Ubuntu: Copy files from a directory to a sub-directory (excluding the sub-directory itself)



Question:

I have created a folder (directory) named Parent which contains several files (namely file1 file2 ... file100) and subdirectories (Folder2, Folder3 etc) and a particular sub-directory named Child1 which itself may contain files and folders. Now, I want to copy all the contents of Parent excluding Child1 into the folder Child1.

The final content of 'Child1' should be something like this:

 Old content of Child1   file1 ... file100 + Folder2 Folder3 + etc.  

How can I achieve this?


Solution:1

Assuming you are using bash as your interactive shell, you can enable extglob which allows you to specify "all files except these ones".

shopt -s extglob  cd Parent  cp !(Child1) Child1/  


Solution:2

Three excellent answers that demonstrate the flexibility of linux. And it's always a good idea to be familiar with basic command line operations. Personally I prefer a hybrid approach and I try using mc (midnight commander) when it's available.

sudo apt-get install mc  

will get it for you. Surviving tyrannosaurs like me might notice the resemblance with Norton commander from the DOS days. Its operation is quite intuitive. You have two panels. You switch between them with TAB. There are Fn key shortcuts for basic operations, like view, edit, copy, move, rename, delete, etc.

mc

In your case, all you have to do is type mc in your terminal window and navigate to Parent folder in one panel, child folder on the other. Then select parent panel and press + and then enter. This will select all files and folders in the panel. With arrow keys go on top of Child1 folder and press Ins key. This will de-select that folder (Ins key toggles select status of an item.) Now press F5 and all selected content will be copied to the other panel (which is inside Child1 folder.)

I am providing this information only for the sake of completeness and to further demonstrate the variety of solutions available. By all means, go on and learn the basic linux commands and their variations. You can always rely on them being available at your fingertip on any system.


Solution:3

Try :

cd [WhereeverParentLies]
cp ./* ./Child1/

There will be a message that cp omitted the "Child1" directory.


Solution:4

Less elegant than extglob, but also works...

mkdir -p Child1; for i in ./*; do [[ "$i" != ./Child1 ]] && echo cp -vr "$i" Child; done  cp -vr ./file1 Child1  cp -vr ./file100 Child1  cp -vr ./Folder2 Child1  cp -vr ./Folder3 Child1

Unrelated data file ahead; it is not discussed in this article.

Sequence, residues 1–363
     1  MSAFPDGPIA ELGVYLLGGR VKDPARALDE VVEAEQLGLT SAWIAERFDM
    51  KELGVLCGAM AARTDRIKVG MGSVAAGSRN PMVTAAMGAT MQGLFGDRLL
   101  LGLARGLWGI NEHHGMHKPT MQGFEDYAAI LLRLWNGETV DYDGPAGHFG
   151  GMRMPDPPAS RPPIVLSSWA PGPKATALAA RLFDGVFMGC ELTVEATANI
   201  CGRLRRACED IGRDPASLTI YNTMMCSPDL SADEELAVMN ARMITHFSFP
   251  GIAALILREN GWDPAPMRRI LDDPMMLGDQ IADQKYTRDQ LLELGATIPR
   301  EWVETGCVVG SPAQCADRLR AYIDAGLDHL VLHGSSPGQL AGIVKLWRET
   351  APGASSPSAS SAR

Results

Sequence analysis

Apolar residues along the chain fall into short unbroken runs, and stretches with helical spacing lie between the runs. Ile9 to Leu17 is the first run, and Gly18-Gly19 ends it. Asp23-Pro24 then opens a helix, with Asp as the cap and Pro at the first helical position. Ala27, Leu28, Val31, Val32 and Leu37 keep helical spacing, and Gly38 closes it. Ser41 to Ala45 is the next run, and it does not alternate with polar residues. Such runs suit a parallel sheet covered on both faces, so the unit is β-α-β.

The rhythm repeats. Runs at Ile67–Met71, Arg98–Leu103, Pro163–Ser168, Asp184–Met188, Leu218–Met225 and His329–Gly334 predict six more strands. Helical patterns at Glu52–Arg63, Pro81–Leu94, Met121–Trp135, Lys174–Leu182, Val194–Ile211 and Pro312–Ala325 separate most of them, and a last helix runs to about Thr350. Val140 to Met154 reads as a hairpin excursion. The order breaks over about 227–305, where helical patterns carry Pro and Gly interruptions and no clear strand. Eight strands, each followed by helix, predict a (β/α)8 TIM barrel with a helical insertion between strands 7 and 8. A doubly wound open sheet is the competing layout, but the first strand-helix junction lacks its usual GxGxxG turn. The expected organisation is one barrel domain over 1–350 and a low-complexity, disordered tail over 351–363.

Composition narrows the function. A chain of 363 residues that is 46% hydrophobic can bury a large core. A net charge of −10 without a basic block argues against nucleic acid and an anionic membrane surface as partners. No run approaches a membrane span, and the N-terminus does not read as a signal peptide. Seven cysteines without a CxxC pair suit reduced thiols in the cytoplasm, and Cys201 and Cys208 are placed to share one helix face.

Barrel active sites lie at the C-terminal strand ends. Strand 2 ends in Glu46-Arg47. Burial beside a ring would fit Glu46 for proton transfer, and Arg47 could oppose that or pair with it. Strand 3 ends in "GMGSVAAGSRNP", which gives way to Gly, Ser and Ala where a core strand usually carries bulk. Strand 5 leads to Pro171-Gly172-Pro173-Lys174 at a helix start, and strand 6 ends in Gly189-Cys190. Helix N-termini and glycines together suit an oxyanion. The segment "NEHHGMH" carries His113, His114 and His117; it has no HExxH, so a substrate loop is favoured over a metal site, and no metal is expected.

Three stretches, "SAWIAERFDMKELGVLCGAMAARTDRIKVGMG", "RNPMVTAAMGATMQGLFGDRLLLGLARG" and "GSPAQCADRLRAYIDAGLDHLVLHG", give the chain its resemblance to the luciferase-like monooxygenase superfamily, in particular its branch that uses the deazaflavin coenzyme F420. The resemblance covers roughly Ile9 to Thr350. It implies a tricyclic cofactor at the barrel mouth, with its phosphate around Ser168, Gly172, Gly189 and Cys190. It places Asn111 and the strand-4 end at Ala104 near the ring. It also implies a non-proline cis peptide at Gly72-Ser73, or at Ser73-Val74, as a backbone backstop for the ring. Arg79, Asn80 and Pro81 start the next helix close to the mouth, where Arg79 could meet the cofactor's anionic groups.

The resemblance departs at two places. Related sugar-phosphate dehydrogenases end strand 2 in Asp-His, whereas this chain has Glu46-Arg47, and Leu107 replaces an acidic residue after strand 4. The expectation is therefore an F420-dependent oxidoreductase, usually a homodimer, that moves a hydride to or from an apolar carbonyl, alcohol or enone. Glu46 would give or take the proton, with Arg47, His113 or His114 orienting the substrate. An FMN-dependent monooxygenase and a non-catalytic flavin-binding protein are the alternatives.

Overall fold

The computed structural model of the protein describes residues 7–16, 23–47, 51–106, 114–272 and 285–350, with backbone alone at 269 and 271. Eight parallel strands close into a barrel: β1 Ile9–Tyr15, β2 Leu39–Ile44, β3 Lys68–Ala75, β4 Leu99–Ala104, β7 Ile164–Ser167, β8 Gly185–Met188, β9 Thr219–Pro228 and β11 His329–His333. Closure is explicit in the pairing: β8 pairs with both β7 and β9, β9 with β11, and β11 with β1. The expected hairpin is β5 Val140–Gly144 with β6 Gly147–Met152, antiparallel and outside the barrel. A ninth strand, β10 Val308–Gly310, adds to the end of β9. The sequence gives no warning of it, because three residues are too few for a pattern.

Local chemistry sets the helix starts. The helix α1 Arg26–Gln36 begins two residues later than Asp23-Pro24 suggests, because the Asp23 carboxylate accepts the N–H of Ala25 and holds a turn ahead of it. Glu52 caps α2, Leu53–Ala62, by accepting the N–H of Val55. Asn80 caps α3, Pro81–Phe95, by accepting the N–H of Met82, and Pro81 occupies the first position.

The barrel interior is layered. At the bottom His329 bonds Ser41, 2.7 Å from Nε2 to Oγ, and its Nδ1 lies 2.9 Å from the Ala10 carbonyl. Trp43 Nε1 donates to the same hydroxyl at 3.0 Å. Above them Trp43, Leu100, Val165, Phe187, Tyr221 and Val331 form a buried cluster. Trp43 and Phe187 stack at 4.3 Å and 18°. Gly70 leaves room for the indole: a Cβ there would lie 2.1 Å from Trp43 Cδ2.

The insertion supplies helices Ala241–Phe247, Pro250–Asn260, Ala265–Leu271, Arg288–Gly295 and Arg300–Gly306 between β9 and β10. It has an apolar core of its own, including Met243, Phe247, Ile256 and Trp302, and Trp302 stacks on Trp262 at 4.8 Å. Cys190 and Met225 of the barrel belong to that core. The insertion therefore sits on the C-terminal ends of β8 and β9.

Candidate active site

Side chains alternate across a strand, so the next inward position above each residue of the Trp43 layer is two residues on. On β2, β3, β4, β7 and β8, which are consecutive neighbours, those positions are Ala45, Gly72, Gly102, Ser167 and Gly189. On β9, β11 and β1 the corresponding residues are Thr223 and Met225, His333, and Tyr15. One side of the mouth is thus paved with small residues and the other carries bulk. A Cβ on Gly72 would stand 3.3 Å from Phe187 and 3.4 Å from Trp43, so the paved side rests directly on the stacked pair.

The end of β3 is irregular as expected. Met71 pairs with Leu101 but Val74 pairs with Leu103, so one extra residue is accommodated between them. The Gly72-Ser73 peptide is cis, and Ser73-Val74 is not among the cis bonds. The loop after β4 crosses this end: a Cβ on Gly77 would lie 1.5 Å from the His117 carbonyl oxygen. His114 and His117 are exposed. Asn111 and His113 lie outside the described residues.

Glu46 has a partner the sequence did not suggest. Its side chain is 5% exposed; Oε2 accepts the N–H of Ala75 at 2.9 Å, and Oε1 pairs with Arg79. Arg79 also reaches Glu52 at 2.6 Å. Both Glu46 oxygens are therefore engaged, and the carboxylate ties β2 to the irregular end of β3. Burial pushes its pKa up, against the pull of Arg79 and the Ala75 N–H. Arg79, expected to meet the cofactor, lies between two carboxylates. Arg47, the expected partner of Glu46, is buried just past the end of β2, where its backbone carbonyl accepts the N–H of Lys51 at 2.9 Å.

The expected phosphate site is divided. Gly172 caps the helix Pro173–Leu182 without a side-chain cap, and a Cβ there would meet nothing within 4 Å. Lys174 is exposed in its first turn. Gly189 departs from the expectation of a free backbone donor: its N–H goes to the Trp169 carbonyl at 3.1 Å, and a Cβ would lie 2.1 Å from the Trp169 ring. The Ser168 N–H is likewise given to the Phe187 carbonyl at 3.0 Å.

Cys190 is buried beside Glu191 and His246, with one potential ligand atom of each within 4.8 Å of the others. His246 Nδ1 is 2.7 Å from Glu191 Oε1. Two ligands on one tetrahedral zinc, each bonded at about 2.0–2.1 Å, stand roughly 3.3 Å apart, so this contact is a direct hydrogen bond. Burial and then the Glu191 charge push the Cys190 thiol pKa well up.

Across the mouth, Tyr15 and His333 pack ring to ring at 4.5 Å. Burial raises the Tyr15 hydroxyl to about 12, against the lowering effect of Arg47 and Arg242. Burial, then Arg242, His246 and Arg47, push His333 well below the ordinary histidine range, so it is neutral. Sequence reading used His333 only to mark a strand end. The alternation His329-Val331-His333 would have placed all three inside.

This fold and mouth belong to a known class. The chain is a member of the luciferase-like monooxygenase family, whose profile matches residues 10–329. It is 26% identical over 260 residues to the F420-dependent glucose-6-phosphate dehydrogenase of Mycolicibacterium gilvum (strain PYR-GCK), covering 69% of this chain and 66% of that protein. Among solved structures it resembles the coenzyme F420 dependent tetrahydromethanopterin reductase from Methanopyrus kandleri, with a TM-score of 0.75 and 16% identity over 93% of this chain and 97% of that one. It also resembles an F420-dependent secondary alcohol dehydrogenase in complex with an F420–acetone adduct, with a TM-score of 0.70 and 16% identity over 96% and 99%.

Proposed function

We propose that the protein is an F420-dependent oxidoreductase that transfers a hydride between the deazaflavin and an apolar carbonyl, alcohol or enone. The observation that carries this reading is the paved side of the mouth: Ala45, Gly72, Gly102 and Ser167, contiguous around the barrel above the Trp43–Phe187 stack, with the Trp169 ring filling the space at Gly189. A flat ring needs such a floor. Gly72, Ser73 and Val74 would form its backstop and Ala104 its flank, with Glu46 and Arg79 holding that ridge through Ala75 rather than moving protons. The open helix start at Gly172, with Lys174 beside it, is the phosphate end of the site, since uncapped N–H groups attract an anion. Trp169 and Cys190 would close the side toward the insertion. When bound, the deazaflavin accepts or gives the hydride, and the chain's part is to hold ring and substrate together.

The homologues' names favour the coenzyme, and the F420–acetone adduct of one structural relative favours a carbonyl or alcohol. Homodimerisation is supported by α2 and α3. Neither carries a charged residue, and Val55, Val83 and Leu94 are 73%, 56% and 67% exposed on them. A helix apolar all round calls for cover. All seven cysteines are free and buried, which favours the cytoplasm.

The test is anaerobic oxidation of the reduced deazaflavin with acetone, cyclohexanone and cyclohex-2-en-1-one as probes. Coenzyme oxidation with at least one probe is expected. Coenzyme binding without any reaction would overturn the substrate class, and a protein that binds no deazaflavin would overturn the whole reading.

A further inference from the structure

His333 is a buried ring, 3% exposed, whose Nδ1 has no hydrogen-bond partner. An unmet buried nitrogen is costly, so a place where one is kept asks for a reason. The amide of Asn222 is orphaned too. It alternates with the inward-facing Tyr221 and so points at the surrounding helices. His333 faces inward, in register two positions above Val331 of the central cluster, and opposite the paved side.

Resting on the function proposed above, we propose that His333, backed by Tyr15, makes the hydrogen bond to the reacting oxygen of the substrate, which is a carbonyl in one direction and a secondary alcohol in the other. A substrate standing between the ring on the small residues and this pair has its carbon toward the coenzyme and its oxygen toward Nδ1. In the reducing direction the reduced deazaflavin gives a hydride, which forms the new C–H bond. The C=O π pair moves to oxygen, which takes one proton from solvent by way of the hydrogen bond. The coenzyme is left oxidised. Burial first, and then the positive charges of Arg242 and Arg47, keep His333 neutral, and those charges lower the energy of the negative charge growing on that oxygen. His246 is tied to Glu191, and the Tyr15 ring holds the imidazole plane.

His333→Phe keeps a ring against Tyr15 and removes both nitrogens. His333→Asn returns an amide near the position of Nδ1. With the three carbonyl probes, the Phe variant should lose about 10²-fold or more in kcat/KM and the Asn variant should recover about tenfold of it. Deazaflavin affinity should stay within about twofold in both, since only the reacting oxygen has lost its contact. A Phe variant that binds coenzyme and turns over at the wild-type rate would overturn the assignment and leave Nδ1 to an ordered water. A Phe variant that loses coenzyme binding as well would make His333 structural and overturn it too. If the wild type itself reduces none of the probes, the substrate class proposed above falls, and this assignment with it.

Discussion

Remove echo after testing to actually move the files. If you have hidden files and want to include them, first run shopt -s dotglob.

As a script (again, you need to remove echo to actually move files):

#!/bin/bash    mkdir -p Child1                    # create Child1 if it does not exist  for i in ./*; do                   # act on all the files in the current directory      [[ "$i" != ./Child1 ]] &&       # if the file is not Child1 itself     echo cp -vr "$i" Child1         # move the file into Child1  done  


Solution:5

rsync has an option to exclude files or directories using --exclude option.

So in this case I think rsync would be a nice choice.

mkdir -p Child1; rsync -av --progress ./* Child1 --exclude Child1  


Solution:6

If the files are actually called 'file1' etc., you can do this:

cd Parent  cp file* Child1/  

Otherwise you'll have to list the files in the cp command.


Solution:7

The simplest way is to move the Child1 directory elsewhere, temporarily:

cd Parent  mv Child1 ..  mv * ../Child1  mv ../Child1 .  


Solution:8

find Parent/ -maxdepth 1 -type f | xargs cp -t Parent/Child/  

This finds all files (excluding directory) inside your Parent/ directory and copies each of those files to Parent/Child

find        -type f match file only      -maxdepth 1 find only in the Parent/ directory, do not find in directories inside Parent    cp        -t target the directory where you want to copy the files  


Solution:9

You can use ls to list the contents of "Parent",

pipe the result to grep -v to filter out "Child1",

and then send the resulting list to cp.

This should do the trick: (from within the "Parent" dir)

cp `ls | grep -v '^Child1$'` Child1

Note:If u also have question or solution just comment us below or mail us on toontricks1994@gmail.com
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